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Taking freight underground: Cityology Delivery Systems (CDS)

February 14, 2018

The Cityology Delivery System (CDS) removes all freight vehicles from the City’s streets

By Henry Metcalf

In 2017 the City of London Corporation, in association with Brookfield, launched a series of competitions to find solutions to the City’s unique challenges in providing better green spaces, buildings and infrastructure. In particular, the City wanted 'smart infrastructure' that would improve security, energy and transport that would improve public spaces for pedestrians. In response to this challenge, I created a transport solution 'Cityology Delivery Systems' (CDS) to completely remove freight vehicles from the streets of London by delivering freight through water mains.

Freight vans and lorries account for only 20% of all entries and exits into the City of London’s streets but are in fact the predominant users of road space and hence public space. The average Passenger Car Unit (PCU) value for a freight vehicle in the City is 2.2- eleven-fold higher than a bicycle and five and half fold higher than a motorbike. What is more, they require loading bays large enough to accommodate their vast size throughout the City’s road network, form eyesores when unloading, block views of the street scene and create barriers to pedestrian navigation. Further, the swept path of turning freight vehicles is so large size that junctions and corners throughout the City are required to be much greater than they otherwise would be. Freight vehicles are also the main safety hazard to pedestrians and the main source of street level pollution.

The Cityology Delivery System (CDS) removes all freight vehicles from the City’s streets and thus allows the conversion of vast amounts of space formerly given over to freight vehicles for the sole use of pedestrians. The CDS is an infrastructure intervention that will paid for through a comprehensive system of fees and charges for freight vehicles entering the City.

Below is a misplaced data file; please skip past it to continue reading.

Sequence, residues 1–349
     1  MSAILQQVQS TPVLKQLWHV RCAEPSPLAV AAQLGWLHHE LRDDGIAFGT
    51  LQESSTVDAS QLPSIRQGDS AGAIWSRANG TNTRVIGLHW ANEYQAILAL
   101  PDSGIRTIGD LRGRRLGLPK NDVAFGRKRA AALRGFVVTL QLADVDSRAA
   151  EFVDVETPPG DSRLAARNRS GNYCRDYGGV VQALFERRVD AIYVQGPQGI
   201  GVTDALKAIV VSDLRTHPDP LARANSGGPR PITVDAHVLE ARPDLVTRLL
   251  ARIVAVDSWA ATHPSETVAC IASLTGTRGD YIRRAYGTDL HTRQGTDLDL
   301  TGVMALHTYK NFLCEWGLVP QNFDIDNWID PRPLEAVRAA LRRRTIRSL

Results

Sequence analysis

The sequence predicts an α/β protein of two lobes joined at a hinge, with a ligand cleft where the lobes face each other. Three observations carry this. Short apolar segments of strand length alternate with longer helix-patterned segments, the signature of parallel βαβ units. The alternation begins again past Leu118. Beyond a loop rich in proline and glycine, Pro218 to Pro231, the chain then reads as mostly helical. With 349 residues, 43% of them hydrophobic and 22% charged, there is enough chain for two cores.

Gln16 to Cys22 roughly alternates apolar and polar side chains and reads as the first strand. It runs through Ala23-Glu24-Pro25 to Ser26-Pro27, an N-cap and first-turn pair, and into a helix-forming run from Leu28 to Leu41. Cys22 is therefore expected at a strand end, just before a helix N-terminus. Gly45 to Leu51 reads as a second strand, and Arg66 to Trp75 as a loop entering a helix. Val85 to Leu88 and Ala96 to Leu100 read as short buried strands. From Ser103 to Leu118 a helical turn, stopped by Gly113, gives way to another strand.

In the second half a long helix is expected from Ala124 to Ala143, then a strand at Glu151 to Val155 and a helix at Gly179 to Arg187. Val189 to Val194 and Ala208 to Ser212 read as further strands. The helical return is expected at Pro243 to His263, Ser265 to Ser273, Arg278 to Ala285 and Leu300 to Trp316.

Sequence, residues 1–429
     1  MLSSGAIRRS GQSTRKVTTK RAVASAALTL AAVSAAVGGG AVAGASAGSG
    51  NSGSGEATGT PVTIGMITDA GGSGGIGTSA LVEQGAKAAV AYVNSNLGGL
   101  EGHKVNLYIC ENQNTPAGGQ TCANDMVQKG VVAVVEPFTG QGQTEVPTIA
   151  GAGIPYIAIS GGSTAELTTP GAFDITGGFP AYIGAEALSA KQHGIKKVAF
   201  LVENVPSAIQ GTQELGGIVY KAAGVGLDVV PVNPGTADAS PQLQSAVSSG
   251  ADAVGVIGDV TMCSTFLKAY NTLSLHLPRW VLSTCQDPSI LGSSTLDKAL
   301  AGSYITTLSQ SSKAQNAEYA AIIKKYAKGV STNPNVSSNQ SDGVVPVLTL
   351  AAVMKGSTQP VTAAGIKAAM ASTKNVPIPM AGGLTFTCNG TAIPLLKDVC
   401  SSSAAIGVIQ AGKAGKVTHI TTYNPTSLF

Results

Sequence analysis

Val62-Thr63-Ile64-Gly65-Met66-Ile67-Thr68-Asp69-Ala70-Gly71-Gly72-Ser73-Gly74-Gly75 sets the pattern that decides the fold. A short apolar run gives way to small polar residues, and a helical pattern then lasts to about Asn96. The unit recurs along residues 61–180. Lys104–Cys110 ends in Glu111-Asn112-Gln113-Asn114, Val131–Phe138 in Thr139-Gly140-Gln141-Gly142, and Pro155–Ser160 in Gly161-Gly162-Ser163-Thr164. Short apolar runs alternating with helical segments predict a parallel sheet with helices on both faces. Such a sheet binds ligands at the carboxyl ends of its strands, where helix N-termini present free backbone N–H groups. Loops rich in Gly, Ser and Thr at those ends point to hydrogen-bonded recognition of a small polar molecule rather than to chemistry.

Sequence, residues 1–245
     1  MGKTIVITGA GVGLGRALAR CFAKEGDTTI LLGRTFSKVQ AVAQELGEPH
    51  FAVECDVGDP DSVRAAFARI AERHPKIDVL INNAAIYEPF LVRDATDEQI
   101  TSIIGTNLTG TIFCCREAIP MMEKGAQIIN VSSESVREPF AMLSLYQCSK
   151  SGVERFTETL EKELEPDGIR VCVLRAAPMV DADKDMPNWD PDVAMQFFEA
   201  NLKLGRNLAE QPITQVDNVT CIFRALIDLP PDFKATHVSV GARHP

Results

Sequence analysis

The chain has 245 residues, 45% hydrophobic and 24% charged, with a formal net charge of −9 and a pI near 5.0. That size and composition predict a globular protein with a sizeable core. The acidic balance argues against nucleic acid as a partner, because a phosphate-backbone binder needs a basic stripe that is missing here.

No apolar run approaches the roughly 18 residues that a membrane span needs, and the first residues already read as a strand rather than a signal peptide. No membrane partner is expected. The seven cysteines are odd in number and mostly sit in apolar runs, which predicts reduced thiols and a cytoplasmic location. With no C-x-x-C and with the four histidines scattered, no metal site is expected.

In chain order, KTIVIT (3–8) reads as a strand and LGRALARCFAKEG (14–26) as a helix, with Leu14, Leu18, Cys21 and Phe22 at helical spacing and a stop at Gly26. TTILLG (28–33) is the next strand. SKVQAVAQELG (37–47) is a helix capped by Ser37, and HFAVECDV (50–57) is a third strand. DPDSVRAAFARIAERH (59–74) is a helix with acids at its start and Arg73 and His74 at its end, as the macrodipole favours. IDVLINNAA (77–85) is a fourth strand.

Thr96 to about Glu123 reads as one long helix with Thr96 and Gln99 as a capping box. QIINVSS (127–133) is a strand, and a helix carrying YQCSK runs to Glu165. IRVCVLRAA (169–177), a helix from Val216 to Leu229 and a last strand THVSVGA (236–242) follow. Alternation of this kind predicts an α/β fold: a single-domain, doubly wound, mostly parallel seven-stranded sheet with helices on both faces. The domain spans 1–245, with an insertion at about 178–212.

The CDS is a simple network of 1m diameter tubes sunk beneath the existing road network in the City with short spurs leading up from the tubes to every building. Freight vehicles unload their goods at one of several designated distribution points on the City’s periphery where the freight is put in one or more containers ready for delivery to their destination. The containers are dropped under their own weight into the spur tube leading to the main tube network which, like existing water mains is filled with water moving under low pressure. The containers are equipped with a simple ultrasound device which emits a particular frequency depending on the destination of the container. Just before approaching the correct spur tube leading up to the building that spur is aerated or filled with thousands of bubbles. This quickly lowers the water pressure sufficiently for the container of freight to be sucked up that particular spur and into the building. Rubbish and waste within the building can be put into a container and inserted back into the main tube network by falling down the spur under its own weight. Thus, the CDS removes both the need for deliveries and refuse collection via the City’s roads.

The fee system to pay for the construction of the CDS is simple and straightforward. All freight vehicles will drive over an electronic weighbridge upon entering the City at which point automatic number plate recognition (ANPR) is used to record the vehicle’s weight, type and size on a central database. Upon leaving the City, all freight vehicles will drive over another electronic weighbridge and the database will record the change in weight. Two key parameters will be used to charge freight vehicles—the proportion of empty space in the freight vehicle entering the City and then the proportion of empty space upon leaving the City. Vehicles will be charged more for entering the City the more empty they are and charged less for leaving the City the more empty they are. 

This fee system will encourage a shift to freight vehicles entering the City’s streets fully laden and leaving the City’s streets empty. This will immediately help to reduce the number of freight vehicles entering the City by encouraging freight consolidation and it will also raise funds for the construction of the CDS which will permanently exclude freight vehicles from the City.

The CDS uses the proven technology of water mains engineering to deliver a reliable system. The simple innovation of aeration to allow containers within a tube to go up to a building represents a new way to deliver and remove freight from all buildings in the City without the need for freight vehicles on the roads.

Originally published by PBA, now Stantec.

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